Wed 6 Feb, 2008 09:30 am
can someone show me how to do the indefinite integral (step by step) of sqrt(1-(x^2))
We do it by trigonemetric substitution.
Let x = sinp. So dx/dp = cosp & dx = cosp.dp
1 - x^2 = 1 - sin^2(p) = cos^2(p)
Now substitute everything back into our original integral, giving:
We use the trig identity:
cos^2(p) = (1-cos2p)/2
I'm sure you can integrat that. When you're done, you find your answer in terms of p. But notice p = arcsin(x), so you substitute that back in.
Why did we make that seemingly arbitrary substitution in the beginning? Well, firstly, substitution is one of the oldest and most common tricks in maths. Also, we note that the trig substitution gets rid of the nasty square root, and then we can evaluate a simpler expression.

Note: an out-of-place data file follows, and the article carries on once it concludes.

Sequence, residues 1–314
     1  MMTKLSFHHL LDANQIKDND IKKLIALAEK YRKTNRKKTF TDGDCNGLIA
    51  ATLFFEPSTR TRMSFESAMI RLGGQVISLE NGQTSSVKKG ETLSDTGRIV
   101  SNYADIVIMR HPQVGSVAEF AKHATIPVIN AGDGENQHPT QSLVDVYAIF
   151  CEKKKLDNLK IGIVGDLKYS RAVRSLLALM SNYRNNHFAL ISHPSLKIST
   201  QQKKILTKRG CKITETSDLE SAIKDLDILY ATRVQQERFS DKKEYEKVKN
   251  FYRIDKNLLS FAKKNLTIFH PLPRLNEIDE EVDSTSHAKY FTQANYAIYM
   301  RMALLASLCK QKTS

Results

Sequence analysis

well thank you very much....that just opened a whole new universe for me..
Are you doing Calc 2? You should have done trig substitutions in Calc 1. What textbook are you using? Stewart's "Calculus and Concepts" is a good revision book on Calculus, although maybe not the best absolute best, if you want to be a real whizz at calc.
yes i just started cal2 and no we didnt do any trig substitution in cal1 (or we might have but i didnt know we did). We are using "Calculus of a Single Variable - (8th edition)" by Larson, Hostetler and Edwards